I first learned about the stages of grief when I was in graduate school studying counseling psychology. The next time I heard about this model was when I was quitting smoking and perusing resources on the Internet, mainly at the website WhyQuit.com. The five stages of grief, according to Elisabeth Kubler-Ross, include denial, anger, bargaining, depression, and acceptance.
When someone dies, or you lose something important to you, such as an addictive substance that kept you company for a long time, you go through these stages of grief. They don’t always happen in order, and it is totally normal to cycle back through them a number of times until you have fully processed your feelings about the person/object/substance that you are grieving the loss of.
So why am I boring you to tears talking about models of grief? Well, because it really feels like this model applies to me lately. I have been cycling around the anger, bargaining, and depression stages a lot, wishing that I could just be normal in regards to drinking. Since I know for a fact that I can’t be normal, I want to be sitting pretty at the acceptance stage, happily going about my life without thinking about drinking at all anymore. I am SO not there yet, and am realizing more and more that I do not have the power to get there before I am truly ready.
Acceptance sounds so wonderful, peaceful, zen. It is where the cool kids of sobriety hang out… the ones that I aspire to be like someday. In reality, I am in the middle school stage of sobriety… awkward, dorky, and uncomfortable, with a side of anger. I am angry because I want to be a normal drinker and fit in. I am angry at my parents for being shitty drinking role models and for passing along alcoholic genes. I am angry when people drink in front of me and angry when they don’t, because it makes me feel weird. I am angry that I can’t handle my booze, or going out at night sober, or doing social things outside of my house. Sigh. My anger does not feel rational or logical.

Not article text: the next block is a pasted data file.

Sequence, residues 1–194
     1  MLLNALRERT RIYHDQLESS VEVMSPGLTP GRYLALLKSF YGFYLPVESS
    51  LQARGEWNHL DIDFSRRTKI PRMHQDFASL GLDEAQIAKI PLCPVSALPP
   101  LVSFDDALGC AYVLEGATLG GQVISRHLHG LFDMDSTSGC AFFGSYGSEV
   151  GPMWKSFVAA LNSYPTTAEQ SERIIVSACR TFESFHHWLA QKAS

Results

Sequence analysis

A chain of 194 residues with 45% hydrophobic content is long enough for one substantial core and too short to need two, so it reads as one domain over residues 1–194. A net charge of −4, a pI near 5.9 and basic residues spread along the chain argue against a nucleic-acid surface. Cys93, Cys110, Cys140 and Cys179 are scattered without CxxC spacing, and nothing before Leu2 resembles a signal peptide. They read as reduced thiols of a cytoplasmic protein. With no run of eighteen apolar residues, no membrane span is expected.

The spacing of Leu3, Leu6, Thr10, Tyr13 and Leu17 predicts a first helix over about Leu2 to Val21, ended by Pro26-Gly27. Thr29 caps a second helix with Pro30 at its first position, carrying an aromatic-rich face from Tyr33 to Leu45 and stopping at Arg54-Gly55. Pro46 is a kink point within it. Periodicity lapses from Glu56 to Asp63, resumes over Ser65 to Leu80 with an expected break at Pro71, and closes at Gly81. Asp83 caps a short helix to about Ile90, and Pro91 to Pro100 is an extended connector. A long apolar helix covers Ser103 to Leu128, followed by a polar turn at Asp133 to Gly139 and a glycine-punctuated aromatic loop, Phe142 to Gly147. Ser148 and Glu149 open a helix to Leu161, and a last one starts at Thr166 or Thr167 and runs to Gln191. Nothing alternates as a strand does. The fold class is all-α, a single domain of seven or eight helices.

I dislike being angry because it is exhausting and I don’t know how or where to express it, so I try to bargain it away by making deals with myself. That doesn’t work because I am no longer in denial about my drinking, so I end up depressed. It is a big clusterf**k of thoughts that are not very much fun. In the past I would just drink these thoughts away, create drama to avoid them, or be too tired/hungover/guilty/anxious to care. I am happy not to be drinking, but I don’t know what to do now. I am throwing myself a pity party and you are all invited.
I have decided to try to embrace these earlier stages and just go with the flow as much as I can. If I keep living sober, and working on true change in my life, I will reach the acceptance stage one day. I have faith that this will happen. Maybe the journey to acceptance will be more enjoyable if I stop fighting it so much and try to be, just BE, exactly where I am each and every day. Even if that means feeling angry or depressed or generally uncomfortable. Feeling my so-called bad feelings is so much better than drowning them in a substance that would likely kill me one day. I am alive, awake, and aware, which are good things to be.